Chips with queso and cardio – volume control

Use 4 of these triangular bad boys to make a food pyramid with everything you need.

What do eating chips with queso and cardio have in common? Two very important things. First, if you have too much of it, your body will be mad at you. If you’re lactose intolerant, the queso will really mess you up. If you’re lactate (the metabolized form of lactic acid) intolerant, the cardio will. But for real, controlling how much volume you’re logging is one of the most important things you can do for injury prevention. The second thing they have in common is you shouldn’t double dip.

Double dipping while training for a sport or activity is when you use a movement from your sport for resistance training. So this would be like instead of doing bench press and rows to work out your arms for tennis, you just swing a weight tennis racket. I see people do this most often at the cable machines at the gym because the cable gives them the freedom to do any movement they want with added resistance. If you swing your tennis racket hundreds or thousands of times at practice during the week, then go to the gym and do essentially the same thing just with weight, you’re going to be pushing into overtraining and a possible repetitive movement injury. There are other flaws as well.

A big one is that movement carryover is velocity dependent. This means that if you train at a certain speed, you get better at that speed. But you don’t really have much carryover to other speeds. So if you’re using weight, you’re obviously going to go slower. Which is great if your goal was to slow down your swing or stroke. Except that no one wants to get slower and less powerful…

Another flaw is that you’re likely missing much of the benefit of using weights or resistance to work out on your strength training days. Most people’s goal is to improve their power – whether it’s how fast they hit the ball, how far each step propels them, or any other sport movement. Strength training is meant to improve your overall capacity. It builds a bigger engine with more horsepower. Practice and sport-specific drills are what allow you to access that improved power. So using a cable machine to work out in a swing pattern using 20 lb. is not going to improve your overall strength near as much as doing movements like the bench press and pull-down, where most people could lift in excess of 100 lb. Let your strength training be your strength training, and your sport be your sport. Get the most of each of them, and no double dipping!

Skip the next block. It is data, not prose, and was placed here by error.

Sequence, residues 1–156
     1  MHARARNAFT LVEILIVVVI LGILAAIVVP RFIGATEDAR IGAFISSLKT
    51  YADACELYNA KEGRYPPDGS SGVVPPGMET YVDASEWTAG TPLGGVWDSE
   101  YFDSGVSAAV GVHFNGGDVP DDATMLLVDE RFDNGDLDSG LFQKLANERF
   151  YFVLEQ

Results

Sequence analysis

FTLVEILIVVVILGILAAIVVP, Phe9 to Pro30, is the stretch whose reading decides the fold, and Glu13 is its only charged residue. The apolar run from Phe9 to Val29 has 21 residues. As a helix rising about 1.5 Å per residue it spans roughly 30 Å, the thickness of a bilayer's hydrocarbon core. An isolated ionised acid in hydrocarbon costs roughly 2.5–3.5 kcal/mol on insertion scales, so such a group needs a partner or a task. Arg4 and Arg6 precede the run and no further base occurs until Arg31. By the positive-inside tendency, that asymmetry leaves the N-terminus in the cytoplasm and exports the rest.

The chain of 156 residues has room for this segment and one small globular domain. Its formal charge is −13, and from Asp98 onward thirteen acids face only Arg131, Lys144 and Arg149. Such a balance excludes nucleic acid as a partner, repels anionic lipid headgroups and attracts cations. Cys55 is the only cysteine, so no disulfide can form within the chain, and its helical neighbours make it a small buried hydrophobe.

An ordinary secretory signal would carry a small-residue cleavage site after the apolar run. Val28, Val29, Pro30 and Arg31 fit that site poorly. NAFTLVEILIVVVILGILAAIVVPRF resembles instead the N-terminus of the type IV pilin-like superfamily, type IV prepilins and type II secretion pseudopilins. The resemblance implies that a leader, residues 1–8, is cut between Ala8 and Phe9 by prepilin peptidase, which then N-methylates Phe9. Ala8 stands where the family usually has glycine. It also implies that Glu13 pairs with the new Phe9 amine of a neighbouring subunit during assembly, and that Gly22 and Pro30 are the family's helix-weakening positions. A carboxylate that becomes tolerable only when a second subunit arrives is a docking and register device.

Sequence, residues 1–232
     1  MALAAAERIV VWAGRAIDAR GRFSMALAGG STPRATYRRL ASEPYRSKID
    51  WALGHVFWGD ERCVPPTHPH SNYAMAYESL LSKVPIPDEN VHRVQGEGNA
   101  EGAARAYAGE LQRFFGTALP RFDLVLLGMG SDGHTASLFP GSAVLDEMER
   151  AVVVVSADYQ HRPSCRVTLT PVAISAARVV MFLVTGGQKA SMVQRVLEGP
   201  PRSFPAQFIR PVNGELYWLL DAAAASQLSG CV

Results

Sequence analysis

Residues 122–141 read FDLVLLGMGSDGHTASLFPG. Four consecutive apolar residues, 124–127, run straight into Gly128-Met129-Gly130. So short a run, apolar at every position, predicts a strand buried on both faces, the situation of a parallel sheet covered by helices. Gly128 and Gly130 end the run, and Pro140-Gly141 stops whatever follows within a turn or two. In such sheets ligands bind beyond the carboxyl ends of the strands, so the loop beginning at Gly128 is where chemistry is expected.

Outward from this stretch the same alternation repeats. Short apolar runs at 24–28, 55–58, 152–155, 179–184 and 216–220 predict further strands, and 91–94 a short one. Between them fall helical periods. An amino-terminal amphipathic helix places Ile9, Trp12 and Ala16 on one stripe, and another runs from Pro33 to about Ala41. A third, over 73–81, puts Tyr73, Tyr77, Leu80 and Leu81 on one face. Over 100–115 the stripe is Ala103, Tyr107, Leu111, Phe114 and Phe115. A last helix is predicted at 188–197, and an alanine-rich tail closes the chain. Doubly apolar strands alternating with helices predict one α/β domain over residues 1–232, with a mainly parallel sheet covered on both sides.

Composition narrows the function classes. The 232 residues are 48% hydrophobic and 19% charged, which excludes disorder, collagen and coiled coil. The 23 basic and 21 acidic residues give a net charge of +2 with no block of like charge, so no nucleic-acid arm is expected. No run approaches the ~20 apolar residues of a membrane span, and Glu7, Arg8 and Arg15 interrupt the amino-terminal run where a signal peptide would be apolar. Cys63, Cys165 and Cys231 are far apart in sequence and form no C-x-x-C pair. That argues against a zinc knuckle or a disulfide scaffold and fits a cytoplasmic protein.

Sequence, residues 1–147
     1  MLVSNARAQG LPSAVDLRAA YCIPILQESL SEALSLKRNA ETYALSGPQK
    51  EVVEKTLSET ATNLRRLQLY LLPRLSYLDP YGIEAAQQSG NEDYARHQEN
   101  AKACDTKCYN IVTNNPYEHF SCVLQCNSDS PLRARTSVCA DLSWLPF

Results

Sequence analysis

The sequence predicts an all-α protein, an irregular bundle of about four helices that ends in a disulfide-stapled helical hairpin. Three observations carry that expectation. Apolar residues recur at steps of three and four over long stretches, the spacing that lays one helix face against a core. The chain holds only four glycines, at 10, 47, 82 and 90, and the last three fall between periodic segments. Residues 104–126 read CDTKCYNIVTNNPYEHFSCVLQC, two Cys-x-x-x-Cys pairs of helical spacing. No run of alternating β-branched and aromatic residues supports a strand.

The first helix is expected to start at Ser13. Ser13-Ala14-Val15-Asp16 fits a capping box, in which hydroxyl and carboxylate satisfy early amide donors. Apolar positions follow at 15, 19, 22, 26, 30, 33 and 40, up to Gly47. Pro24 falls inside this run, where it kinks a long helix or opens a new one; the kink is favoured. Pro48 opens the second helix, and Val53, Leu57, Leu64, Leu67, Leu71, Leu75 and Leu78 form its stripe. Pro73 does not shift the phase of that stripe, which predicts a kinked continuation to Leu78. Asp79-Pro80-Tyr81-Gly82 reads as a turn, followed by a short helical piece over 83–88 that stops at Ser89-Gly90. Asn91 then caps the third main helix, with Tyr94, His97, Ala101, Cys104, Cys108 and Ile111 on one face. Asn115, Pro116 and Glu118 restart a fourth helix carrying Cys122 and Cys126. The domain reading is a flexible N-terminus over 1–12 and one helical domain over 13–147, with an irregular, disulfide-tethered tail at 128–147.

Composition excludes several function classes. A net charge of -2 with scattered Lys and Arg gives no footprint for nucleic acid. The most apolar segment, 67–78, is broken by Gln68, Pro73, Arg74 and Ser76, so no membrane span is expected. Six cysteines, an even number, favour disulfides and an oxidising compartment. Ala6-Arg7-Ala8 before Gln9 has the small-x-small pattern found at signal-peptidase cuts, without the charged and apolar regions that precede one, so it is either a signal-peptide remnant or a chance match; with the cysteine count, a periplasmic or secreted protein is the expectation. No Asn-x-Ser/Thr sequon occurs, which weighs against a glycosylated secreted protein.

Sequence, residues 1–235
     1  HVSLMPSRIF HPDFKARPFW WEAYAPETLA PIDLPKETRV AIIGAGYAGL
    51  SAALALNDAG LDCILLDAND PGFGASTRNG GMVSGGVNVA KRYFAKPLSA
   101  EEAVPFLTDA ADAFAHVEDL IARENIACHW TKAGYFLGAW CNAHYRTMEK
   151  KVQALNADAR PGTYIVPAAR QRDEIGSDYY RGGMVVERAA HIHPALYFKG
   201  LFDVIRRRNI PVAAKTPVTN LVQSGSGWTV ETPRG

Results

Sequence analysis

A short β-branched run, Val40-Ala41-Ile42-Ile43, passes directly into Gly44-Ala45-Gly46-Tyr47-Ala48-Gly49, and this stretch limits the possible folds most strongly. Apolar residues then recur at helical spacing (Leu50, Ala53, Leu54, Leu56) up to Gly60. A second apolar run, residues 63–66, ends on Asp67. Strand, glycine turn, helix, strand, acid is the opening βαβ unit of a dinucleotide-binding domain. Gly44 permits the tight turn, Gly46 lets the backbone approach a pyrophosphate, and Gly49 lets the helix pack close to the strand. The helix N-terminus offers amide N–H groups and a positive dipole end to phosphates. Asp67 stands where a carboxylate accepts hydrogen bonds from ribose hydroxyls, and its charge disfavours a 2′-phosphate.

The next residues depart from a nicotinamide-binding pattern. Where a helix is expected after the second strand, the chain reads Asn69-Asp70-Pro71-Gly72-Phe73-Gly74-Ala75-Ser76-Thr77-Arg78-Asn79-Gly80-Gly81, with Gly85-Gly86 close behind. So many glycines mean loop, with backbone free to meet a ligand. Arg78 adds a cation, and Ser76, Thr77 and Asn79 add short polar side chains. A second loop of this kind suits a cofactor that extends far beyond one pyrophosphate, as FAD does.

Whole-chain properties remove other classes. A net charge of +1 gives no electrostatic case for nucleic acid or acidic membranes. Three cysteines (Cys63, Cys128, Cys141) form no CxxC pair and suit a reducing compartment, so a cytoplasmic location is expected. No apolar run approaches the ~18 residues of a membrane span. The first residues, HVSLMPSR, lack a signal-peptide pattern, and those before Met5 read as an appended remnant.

There are 2 exceptions. First, some people use a weighted racket/club/bat to prime their nervous system immediately before a game so that their normal equipment feels lighter and they can swing faster. This is fine because the volume of this primer is so low. The second exception is to know when to break the rules! After all, what about sled sprints or even hill sprints (the hill being a form of resistance)? These are classic tools for athletes. So can you do these types of training that are similar to your sport? Yes, but it’s important to realize that these significantly contribute to your training volume. You can’t just throw them in randomly. Make sure you consider their contribution to your overall training volume and, if you’re new to sprints, add them in slowly. If you’re truly interested in gaining overall strength, you should also have multiple strength exercises. This is because any one exercise, even a compound movement like sprinting or squatting, will be limited by its weakest link. So if you do hill sprints and your quads are burning (your limiting factor), then you will probably want to make sure you do some deliberate hamstring, calf, core, and other muscle group work.

The United Strengths